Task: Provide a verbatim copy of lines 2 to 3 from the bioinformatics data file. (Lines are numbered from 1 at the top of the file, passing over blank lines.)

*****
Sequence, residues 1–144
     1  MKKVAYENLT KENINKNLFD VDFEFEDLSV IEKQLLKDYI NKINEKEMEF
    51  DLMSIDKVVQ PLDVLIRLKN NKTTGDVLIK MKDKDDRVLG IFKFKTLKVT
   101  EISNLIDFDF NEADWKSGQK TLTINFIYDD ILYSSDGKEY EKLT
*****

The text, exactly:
     1  MKKVAYENLT KENINKNLFD VDFEFEDLSV IEKQLLKDYI NKINEKEMEF
    51  DLMSIDKVVQ PLDVLIRLKN NKTTGDVLIK MKDKDDRVLG IFKFKTLKVT